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Atlantic Beach, S.C : The Long Winding Road Of Political Shenanigans

The S.C. Supreme Court has refused to reconsider its ruling in a 2009 election dispute that kicked two women off the Atlantic Beach, S.C. council.

The ruling also ordered the women who finished first and second in the disputed election, Carolyn Cole and Windy Price, to take their positions on council immediately.

In a November 2009 election for two council seats, Cole and Price finished first and second.
The Atlantic Beach Election Commission certified Windy Price and Carolyn Cole as the winners.

With challenged votes counted, Windy Price ended up with 64 votes and Carolyn Cole with 52.

After a protest hearing claiming the two women were not residence the Atlantic Beach Election Commission ruled they were both ineligible and the two women were denied their seats on the council.

Price sued the election commission because her name was not on the ballot, even though she says she turned in the necessary paperwork on time. The commission also questioned her residency. Price ran as a write-in candidate.

Cole, formerly known as Atlantic Beach Town Manager Carolyn Montgomery, also ran as a write-in candidate. Folks had questioned her residency as well, as she was living in Florida.

Candidate’s qualifications for all offices, except SC Senate and SC House of Representatives, are determined at the time of the election and not at the time of filing or nomination. Qualifications for Senate and House are determined at the time of filing. For instance, for the office of town Council, the candidate must be 18 years of age, a resident of the county and/or district at the time of the election and a registered voter.

One is considered a resident of any place where he or she lives. Having a home in several states or locations only means that you have more than one residence. The real question is how one’s legal residence or domicile is determined, since you can have only one legal residence or domicile at any given time. Legal residence or domicile in South Carolina requires only one’s physical presence in South Carolina and a present intent to remain in South Carolina indefinitely. Because one’s present intent is such a subjective matter, evidence of one’s intent to acquire legal residence or domicile in South Carolina must be viewed under the totality of the circumstances. A change of legal residence may be documented by doing as many of the following actions as possible: (1) registering to vote in South Carolina, (2) changing vehicle registration and driver’s license(s) to South Carolina, (3) joining a Church in South Carolina, (4) buying real property and applying for the homestead exemption in South Carolina, (5) filing resident tax returns, (6) making a new will listing one’s domicile as South Carolina, (7) opening bank accounts and establishing business ties in South Carolina, (8) using one’s South Carolina address as the permanent address in all records and correspondence, and (9) selling one’s residence in the other state.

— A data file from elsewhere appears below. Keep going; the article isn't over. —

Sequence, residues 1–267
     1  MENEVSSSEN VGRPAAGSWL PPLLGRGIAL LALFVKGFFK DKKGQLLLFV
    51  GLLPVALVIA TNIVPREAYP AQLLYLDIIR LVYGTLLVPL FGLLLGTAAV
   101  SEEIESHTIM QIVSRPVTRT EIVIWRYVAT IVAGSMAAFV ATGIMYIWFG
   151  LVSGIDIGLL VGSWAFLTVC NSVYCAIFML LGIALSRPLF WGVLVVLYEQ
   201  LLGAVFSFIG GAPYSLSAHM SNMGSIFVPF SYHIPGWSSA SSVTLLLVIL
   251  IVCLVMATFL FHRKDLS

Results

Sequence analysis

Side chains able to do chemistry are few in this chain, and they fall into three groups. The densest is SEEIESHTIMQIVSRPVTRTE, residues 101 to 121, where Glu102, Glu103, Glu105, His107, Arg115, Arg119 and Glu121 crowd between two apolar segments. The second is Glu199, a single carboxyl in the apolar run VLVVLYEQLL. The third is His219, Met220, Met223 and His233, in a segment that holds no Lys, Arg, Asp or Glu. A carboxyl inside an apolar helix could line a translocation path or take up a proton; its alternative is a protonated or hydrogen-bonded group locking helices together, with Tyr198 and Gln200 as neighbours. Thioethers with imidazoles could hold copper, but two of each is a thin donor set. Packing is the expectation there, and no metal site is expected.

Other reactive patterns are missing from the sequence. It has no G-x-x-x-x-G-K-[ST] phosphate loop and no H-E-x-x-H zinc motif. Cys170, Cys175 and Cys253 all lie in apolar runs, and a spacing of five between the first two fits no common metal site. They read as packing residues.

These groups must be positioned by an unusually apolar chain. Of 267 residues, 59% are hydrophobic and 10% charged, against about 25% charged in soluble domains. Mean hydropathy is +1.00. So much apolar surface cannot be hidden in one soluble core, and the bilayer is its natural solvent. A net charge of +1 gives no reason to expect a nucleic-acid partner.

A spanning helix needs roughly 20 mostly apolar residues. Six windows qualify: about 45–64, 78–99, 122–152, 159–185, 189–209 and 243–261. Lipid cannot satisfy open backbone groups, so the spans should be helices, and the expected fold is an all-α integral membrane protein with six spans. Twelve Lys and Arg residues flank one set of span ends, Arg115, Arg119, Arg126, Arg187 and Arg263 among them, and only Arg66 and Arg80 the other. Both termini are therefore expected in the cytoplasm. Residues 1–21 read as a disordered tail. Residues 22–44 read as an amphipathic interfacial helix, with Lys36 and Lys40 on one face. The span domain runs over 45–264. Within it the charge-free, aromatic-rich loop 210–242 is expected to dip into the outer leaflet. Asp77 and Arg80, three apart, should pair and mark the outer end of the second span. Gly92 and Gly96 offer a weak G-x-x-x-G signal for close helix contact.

Known as The Black Pearl, Atlantic Beach is located in Horry County, S.C. about 13 miles northeast of Myrtle Beach. The 2000 census sets the population at approximately 351 people. African Americans accounts for 288 of that figure, thus making it a predominately black population.

Atlantic Beach started out in the 1930s as two tracts of oceanfront land bought by a black man named George Tyson, who invited other blacks working in Myrtle Beach to spend their days off at one of the few beaches in the Southeast not reserved for whites under Jim Crow laws.

Tyson eventually couldn’t afford the land, and sold it a decade later to a group of blacks in North and South Carolina who split the property into lots for hotels, nightclubs and summer homes. After World War II, many black doctors, lawyers and other professionals flocked to the beach, joined by former soldiers who had lived years earlier in temporary housing as they built an Air Force base.

There were bumper cars, a merry-go-round, a Ferris wheel and jukeboxes. Restaurants and stores lined the streets. “This was the destination for black people who sought a beach vacation.

When Jim Crow started dying in the 1960s, vacationers could stay at the bigger, more modern hotels and play at the amusement parks long closed to blacks. The luster of The Black Pearl began to fade.

Absentee landowners let their properties crumble, and corruption moved in. Vander Gore, a former town councilman and his two sons are spending life in federal prison for running a 20-year conspiracy in selling marijuana heroin and cocaine in the town.

On March 24, 2008 South Carolina law enforcement officials arrested Irene Armstrong the former mayor of Atlantic Beach, SC and Marcia Conner, the former town manager of the community, charging them with various felony and misdemeanor offenses.

Armstrong and Conner were briefly jailed at J. Reuben Long Detention Center in Conway before posting $15,000 bail each.

Gov. Mark Sanford of “Don’t Cry For Me Argentina” fame issued an order suspending Armstrong, one day after she was charged with three felony counts of bribery at elections and two misdemeanor counts of misconduct in office.

Conner is charged with two counts of misconduct in office and one count of violating an employer’s obligation to police retirement funds.”